Q&A From the Editors: Reducing Your Carbon Footprint

Environmentalism goes beyond using all-natural materials. From waste management to energy efficiency to product recycling—there are many different ways to introduce sustainable practices into the manufacturing process in order to offer a truly environmentally-friendly product.


Denny BoydAs an industry producer, we are extremely conscious of the impact that our products and processes have on the environment. Probably two of the most meaningful ways we demonstrate that objective involve our energy self-sufficiency and our foam manufacturing procedure.

Last summer we invested nearly $3 million in solar-paneled roof systems for both our Fontana, Calif. and St. Louis facilities. Not only are we seeing tremendous energy savings, but we’re also selling excess electrical power that we generate back to major energy providers.

We use a certified “eco-friendly” process in manufacturing the foam it incorporates into its sleep products. The foam is produced in modern sealed, pressurized chambers that allow for control of factors like barometric pressure, heat and humidity. Virtually all of the harmful Volatile Organic Compounds (VOCs) are contained and prevented from reaching the atmosphere.

This process employs pressure rather than chemicals to control the physical properties of the foam. As a result, the foams we use have a more consistent cell structure and offer enhanced strength and performance.”

Boyd Specialty Sleep also was one of the first bedding manufacturers to meet Level 1 safety and environmental requirements established by the Specialty Sleep Association (SSA). The Level 1 SSA rating is currently offered on Boyd’s new Thomasville® Natural Flex® Ultra latex line, among other sleep collections.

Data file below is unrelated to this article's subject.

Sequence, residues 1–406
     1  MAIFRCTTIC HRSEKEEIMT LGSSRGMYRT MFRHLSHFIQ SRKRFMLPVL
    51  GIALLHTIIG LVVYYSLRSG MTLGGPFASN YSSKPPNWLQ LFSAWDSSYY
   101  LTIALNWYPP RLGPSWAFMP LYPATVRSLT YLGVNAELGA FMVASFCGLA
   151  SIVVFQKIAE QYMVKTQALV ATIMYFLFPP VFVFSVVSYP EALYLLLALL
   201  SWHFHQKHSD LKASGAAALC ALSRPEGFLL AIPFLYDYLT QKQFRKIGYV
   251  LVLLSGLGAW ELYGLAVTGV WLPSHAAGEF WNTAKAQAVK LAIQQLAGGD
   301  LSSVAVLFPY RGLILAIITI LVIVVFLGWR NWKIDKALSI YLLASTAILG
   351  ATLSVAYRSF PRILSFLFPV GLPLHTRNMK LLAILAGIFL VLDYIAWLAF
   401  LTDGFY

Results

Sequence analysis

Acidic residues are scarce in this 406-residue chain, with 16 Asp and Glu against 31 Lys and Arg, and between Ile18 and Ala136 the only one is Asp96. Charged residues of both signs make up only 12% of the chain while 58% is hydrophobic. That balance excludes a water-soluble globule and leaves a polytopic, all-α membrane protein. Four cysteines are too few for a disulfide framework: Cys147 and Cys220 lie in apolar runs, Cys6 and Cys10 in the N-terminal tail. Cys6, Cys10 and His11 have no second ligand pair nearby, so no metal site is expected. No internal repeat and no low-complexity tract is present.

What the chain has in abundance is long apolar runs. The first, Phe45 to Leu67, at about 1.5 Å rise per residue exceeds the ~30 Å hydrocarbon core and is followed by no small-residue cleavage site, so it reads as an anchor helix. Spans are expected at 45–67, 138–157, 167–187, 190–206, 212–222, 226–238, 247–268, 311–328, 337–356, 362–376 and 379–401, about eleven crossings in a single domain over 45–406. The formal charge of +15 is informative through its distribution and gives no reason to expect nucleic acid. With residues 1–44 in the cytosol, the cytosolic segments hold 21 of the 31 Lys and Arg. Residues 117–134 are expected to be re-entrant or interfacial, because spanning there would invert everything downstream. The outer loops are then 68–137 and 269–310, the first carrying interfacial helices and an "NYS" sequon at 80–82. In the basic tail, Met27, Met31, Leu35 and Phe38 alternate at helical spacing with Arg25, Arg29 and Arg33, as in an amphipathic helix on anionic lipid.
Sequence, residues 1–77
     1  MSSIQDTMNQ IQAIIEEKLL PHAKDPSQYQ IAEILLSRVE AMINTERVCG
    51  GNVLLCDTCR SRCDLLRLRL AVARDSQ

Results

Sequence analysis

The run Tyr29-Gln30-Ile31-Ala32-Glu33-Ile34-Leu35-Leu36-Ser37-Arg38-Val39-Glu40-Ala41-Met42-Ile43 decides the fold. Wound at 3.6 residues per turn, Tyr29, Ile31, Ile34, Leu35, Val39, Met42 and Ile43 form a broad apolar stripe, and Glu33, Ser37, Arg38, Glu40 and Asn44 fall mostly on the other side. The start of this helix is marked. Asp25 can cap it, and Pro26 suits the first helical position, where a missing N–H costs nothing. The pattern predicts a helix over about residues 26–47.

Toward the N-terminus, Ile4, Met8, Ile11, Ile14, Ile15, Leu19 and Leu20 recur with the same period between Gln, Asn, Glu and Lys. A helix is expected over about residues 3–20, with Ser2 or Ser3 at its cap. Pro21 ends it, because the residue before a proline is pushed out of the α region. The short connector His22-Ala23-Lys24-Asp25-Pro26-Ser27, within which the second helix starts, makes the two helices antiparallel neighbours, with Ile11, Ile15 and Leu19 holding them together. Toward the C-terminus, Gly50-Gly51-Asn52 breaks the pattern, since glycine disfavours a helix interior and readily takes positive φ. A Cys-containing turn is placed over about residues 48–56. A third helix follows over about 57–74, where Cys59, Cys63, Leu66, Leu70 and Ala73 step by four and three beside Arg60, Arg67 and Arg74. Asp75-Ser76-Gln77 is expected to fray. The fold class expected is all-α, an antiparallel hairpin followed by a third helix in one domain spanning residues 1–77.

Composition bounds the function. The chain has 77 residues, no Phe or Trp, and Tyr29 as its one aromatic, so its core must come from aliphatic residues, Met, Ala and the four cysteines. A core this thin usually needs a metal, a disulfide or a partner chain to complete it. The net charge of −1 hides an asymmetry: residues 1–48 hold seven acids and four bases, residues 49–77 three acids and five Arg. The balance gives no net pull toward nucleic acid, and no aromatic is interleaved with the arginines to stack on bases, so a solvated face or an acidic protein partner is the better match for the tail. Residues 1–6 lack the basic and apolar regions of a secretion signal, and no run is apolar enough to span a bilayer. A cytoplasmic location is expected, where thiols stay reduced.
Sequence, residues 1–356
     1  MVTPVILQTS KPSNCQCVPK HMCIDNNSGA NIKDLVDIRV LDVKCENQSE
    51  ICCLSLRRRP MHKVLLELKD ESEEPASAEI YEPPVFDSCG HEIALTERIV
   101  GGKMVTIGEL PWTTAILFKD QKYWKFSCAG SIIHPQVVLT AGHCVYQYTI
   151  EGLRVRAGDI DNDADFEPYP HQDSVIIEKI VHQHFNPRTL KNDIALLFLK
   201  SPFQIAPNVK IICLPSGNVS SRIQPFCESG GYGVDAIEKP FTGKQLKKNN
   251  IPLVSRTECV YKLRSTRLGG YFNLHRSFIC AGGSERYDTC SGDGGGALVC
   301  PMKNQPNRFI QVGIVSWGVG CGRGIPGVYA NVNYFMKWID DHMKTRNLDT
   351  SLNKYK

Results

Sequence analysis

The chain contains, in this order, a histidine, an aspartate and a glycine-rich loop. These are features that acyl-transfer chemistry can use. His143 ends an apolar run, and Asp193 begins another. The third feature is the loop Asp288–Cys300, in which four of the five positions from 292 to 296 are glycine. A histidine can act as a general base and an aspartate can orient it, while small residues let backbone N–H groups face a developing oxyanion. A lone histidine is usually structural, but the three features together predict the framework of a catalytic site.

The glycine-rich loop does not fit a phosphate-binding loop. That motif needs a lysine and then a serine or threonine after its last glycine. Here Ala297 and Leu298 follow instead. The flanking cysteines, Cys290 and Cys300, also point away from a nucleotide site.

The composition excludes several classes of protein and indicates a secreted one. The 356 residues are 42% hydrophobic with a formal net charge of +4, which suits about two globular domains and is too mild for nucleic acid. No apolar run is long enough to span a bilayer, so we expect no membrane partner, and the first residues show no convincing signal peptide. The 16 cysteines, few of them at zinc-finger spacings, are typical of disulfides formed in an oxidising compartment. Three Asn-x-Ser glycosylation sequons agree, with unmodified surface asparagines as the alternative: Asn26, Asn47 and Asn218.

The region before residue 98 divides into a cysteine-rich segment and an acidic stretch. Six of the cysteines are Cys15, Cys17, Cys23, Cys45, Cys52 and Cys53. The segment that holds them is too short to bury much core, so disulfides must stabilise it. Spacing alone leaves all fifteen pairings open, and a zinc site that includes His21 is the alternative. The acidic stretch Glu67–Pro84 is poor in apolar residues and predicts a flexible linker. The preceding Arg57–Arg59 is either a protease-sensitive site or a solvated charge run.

Consumers don’t want a passive, static product. They want a bed that will adjust to relieve their pressure and pain, help their partner to stop snoring and be comfortable whether they’re working, reading or sleeping.


Barry CikNaturepedic takes a serious approach towards reducing our carbon footprint. We focus on non-petroleum materials, ingredients, and components. In particular, we use organic cotton, organic wool, organic latex, organic encased coils, and other sustainable materials. We do not use polyurethane foam in our products. Our workforce is mostly Amish, who use low-tech manufacturing techniques. All scraps, returned products, and other non-usable items are given to the Amish community for recycling.


Walt BaderA carbon footprint is actually two footprints. The primary footprint is the total of all the direct carbon dioxide emissions you personally produce or are responsible for. During our manufacturing process we produce zero. Even our fork lift trucks are electric. Certainly, we contribute when we fly. We do not operate our own delivery services and we own no trucks. Secondarily, we source raw materials as close to our point of manufacturing as possible: wool from California, cotton from Texas, fabrics from the southern United States and all our packaging and materials are manufactured locally.

We completely recycled our scape, and you would be hard-pressed to find a garbage can on the floor. From the outset, OMI has been wholly dedicated to supporting America’s organic farmers and thoroughly supports both the spirit and goals of reducing carbon foot-prints throughout the world.